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One needn't look hard to find a lively and informative virtual landscape linking history, travel, and exploration in Darién and Panama. Sites range from jungle survival (tens of thousands of American servicemen were schooled in Panama) to neotropical field biology (Darién is one of the most species-rich rainforests in the world) to modern Panama Canal history. Here are some of my favorites:

Panama Canal

For a Panama Canal interactive tour with 1911 video footage:

A modern, highly visual starting point for any canal buff is the official Panama Canal website (with English translation). A webcam at the Miraflores and Gatun locks gives you a perpetual bird's-eye-view of ships in transit:

If you have questions about a relative who worked in the Canal Zone, as tens of thousands of Americans did, make contact with the Florida-based, 4,000-member strong Panama Canal Society or CZBrats, a cyber organization with vast online resources (including a "nostalgia menu'' contributed by former Zoners):

The Museo del Canal Interoceanico offers a lively, native-based historical perspective on the wild French and American pre-canal eras:

A newspaperman described the completion of the 1855 transcontinental railroad between Panama and Colon as "the most sublime and magnificent nuptials ever celebrated upon our planet, the wedding of the rough Atlantic to the fair Pacific Ocean.'' You'll find an abundance of period images, with lively biographies of the key players, at:

In a similar vein, there is an excellent virtual exhibit on the California Gold Rush, the precipitating event to both the railroad and the ship canal:

If you want more than a taste of history, there are three must-see U.S. government archival sites— The Naval Historical Center; the official Navy website; the Library of Congress; and the National Archives:


19th-Century Exploration

Cornell University's archival "Making of America" project has produced a massive digital library of 19th-century magazines. Over 100,000 journal articles, including those from Harper's New Monthly and Scientific American, have been scanned into their database and may be accessed for free:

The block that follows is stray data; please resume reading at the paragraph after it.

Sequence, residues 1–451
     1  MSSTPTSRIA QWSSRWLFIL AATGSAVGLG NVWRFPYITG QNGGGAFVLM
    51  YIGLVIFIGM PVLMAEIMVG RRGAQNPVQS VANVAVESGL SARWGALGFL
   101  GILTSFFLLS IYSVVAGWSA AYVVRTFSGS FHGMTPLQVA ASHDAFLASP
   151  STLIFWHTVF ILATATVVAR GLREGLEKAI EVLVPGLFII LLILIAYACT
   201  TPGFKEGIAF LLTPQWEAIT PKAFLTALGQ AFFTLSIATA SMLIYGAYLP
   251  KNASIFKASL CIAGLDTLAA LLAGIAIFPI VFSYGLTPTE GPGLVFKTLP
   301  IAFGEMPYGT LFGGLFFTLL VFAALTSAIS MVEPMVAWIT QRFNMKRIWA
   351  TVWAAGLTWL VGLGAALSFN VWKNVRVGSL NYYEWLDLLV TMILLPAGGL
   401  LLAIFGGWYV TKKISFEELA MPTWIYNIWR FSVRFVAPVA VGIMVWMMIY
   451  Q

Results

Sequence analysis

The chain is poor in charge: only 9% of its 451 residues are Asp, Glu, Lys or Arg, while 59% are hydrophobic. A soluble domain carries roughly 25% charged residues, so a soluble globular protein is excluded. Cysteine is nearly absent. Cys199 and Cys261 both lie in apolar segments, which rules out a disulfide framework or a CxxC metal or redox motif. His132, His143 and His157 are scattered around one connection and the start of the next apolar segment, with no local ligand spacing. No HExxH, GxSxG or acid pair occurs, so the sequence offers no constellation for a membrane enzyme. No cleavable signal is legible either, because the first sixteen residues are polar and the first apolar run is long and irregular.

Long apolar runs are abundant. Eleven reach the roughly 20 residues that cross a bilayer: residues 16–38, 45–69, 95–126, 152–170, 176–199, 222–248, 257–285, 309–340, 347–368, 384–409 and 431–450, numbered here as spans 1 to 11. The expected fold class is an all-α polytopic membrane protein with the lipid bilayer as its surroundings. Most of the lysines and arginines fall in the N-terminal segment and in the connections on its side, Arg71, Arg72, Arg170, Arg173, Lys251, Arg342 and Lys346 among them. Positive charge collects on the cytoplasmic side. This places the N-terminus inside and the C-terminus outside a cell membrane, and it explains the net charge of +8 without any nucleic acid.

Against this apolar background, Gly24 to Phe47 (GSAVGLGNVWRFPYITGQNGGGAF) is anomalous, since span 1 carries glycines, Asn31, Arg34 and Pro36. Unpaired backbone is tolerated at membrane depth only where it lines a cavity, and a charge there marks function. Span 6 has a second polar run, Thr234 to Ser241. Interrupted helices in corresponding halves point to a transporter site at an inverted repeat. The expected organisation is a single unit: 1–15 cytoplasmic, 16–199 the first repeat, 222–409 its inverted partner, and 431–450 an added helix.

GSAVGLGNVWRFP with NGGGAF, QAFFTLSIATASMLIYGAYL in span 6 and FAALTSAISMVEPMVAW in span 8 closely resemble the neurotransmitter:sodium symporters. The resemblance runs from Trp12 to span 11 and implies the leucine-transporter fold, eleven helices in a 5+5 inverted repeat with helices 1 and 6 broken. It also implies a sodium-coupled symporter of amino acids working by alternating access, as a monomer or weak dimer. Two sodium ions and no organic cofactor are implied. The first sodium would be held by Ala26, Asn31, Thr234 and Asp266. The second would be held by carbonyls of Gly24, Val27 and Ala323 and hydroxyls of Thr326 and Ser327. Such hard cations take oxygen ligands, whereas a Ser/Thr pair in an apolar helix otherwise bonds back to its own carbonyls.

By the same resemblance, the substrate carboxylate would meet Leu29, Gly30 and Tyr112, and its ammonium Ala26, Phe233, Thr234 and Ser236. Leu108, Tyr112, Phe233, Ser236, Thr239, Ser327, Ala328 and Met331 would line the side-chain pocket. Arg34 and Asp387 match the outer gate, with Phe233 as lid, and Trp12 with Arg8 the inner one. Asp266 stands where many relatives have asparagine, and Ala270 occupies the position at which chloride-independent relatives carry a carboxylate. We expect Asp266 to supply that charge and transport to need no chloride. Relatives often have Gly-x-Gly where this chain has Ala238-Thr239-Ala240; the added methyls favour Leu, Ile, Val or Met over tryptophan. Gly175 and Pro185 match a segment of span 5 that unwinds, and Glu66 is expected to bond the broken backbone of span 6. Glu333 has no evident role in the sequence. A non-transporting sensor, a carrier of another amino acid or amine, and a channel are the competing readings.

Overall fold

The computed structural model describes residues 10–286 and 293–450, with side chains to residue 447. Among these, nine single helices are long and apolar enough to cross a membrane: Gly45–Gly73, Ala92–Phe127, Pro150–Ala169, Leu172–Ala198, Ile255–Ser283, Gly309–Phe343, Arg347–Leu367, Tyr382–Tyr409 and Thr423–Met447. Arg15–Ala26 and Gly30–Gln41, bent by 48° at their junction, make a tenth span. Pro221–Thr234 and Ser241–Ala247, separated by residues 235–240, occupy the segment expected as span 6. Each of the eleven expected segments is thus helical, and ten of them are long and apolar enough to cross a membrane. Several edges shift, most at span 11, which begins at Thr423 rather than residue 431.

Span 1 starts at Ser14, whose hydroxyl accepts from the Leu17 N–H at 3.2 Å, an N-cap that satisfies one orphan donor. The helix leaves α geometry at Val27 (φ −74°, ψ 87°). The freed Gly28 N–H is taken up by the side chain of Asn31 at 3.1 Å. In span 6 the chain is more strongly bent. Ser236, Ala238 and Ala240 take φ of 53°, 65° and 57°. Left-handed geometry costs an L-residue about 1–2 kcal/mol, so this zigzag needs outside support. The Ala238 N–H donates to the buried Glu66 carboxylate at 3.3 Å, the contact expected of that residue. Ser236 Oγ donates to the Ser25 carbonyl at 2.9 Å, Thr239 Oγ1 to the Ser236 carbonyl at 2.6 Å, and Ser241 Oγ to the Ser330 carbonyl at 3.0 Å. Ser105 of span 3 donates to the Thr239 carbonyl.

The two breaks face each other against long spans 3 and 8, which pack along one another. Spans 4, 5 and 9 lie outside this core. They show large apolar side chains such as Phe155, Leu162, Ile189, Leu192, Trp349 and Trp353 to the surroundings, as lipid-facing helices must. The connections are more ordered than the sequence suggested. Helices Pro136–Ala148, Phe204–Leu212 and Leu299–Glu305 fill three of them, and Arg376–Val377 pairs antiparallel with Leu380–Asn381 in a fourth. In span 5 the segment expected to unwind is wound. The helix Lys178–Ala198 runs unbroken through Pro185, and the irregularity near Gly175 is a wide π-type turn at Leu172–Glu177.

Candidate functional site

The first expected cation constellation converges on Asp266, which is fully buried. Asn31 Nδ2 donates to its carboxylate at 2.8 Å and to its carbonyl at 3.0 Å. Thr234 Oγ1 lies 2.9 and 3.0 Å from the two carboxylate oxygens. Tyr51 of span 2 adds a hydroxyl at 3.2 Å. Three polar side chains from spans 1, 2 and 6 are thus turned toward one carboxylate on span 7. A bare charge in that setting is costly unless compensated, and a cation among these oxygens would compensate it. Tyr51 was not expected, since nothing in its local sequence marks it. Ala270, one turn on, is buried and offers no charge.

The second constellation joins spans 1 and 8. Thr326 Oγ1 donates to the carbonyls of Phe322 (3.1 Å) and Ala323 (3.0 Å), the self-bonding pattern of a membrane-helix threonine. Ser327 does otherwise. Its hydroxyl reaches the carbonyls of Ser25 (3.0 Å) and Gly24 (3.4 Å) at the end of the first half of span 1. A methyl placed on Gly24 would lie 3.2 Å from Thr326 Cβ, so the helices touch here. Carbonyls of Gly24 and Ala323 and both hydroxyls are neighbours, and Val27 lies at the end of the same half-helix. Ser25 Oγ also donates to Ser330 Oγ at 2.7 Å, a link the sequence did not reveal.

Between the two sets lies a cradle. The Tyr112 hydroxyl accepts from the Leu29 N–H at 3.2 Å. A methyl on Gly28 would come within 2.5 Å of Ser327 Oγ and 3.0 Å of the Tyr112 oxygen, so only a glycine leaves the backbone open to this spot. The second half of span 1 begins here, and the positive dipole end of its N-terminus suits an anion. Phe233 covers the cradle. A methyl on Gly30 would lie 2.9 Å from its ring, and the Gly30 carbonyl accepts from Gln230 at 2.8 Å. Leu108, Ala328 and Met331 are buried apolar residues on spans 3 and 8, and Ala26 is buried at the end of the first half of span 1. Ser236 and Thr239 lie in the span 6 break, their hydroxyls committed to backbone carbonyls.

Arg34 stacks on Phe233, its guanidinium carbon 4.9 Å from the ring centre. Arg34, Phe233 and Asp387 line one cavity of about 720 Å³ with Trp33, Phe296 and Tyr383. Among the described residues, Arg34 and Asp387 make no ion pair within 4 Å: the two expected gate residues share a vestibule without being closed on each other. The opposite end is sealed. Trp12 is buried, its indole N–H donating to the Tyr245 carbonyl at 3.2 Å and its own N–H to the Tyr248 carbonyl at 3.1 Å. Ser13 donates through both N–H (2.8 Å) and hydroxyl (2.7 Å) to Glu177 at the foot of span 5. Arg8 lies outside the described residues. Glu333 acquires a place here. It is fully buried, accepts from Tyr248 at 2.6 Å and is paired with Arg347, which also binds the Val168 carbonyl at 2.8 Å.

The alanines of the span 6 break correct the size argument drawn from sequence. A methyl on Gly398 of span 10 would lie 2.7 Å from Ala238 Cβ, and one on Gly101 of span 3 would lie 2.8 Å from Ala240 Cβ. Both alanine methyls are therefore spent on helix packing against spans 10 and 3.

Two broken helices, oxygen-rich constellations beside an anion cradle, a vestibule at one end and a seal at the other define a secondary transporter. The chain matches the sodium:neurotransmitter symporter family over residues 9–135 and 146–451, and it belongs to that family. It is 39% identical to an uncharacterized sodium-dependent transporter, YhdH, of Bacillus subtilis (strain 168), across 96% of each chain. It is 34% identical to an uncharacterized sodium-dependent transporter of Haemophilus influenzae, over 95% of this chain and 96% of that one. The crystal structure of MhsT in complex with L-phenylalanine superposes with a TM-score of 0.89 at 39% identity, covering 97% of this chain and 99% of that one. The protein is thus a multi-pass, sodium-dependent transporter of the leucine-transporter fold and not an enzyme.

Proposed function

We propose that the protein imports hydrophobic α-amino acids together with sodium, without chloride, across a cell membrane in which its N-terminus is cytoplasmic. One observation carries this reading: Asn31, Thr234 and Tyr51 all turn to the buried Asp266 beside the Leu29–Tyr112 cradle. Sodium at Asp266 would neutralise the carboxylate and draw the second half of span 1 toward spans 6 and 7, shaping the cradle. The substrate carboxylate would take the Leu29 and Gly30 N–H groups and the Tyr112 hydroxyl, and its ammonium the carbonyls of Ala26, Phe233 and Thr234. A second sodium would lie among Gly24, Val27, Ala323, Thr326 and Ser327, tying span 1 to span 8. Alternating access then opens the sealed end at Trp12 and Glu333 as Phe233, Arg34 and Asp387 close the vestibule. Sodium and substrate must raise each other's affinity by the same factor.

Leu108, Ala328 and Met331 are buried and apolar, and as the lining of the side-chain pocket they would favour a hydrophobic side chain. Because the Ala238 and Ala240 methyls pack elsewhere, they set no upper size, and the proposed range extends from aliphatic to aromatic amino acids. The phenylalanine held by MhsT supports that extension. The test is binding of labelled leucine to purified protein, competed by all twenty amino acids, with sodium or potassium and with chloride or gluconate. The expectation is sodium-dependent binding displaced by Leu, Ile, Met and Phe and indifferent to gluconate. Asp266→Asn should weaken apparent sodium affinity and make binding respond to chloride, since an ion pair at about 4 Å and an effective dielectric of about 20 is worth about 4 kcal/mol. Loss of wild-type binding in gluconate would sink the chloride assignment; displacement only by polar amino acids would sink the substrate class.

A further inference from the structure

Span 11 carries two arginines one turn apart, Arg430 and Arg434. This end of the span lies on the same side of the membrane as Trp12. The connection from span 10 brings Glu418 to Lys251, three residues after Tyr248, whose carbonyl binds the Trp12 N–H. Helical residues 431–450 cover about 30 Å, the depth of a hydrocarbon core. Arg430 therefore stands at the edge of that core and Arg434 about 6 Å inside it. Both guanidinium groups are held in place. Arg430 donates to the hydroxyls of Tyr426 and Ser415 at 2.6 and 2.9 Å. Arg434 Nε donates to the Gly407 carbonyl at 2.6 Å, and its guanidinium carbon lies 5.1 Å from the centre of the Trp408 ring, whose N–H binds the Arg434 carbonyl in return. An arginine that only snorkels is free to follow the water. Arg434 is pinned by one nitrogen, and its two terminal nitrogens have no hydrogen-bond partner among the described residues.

The American Philosophical Society is another treasure trove of early American scientific explorations, with virtual exhibits and a searchable manuscript collection. Available online is William Stanton's comprehensive inventory of "American Scientific Exploration, 1803-1860":

A robust selection of 19th-century travel narratives, many of them Darién-related, can be purchased through online antiquarian booksellers. One of the best is:



For Darién travel, a pre-trip necessity is the South American Explorers Club. They feature a pithy online newsletter and a fee-based archive with years' worth of trip accounts from individual trekkers visiting Darién:

The hip guidebook publisher Lonely Planet also offers posts from its intrepid correspondents:

Regrettably, the U.S. State Department's site is worth a look. It details any current travel advisories for Darién and Panama:

Most U.S. outfitters contract with the guides at Ancon Expeditions of Panama, the leading experts in Darién trekking and naturalist trips:

The Washington, D.C.-based Center for Native Lands is a strong advocate for the Darién rainforest and it indigenous inhabitants. Its site features Darién-related articles and an online bookstore selling books and maps:

If you're curious about flora that may or may not kill, you should consult the Tico Ethnobotanical Dictionary, a comprehensive inventory of plantlife assembled by James Duke, author of the phenomenally obscure Darién Survival Guide:

The Panama City-based Smithsonian Tropical Research Institute is home to the superb Tupper Library (which is searchable from the site) and lists ongoing seminars:

If you're searching for a way to visit Darién but don't want to rough it, try the luxurious Tropic Star Lodge, on the Pacific side:



The latest "Survivor: Pearl Islands" was filmed in the Panamanian island group off the Pacific coast of Darién:

If you like action-suspense films there is the 2003 flick Basic (Samuel L. Jackson and John Travolta) which is set in Darién at an Army Ranger Survival Training Camp:

Critically acclaimed director Brad Anderson's Darién Gap (1996) is the ruminative polar opposite—the troubled Gen X protagonist fantasizes about trekking the gap but never gets closer than Boston:

A Tramp in the Darién (BBC/WGBH, 1988), a personal travel documentary, is author Jonathan Maslow's funny and informative account of his trek through the heart of Darién. The British Broadcasting Company (BBC) has also produced other programs about Darién in addition to a cyber site where you can test your general jungle knowhow and survival instincts.






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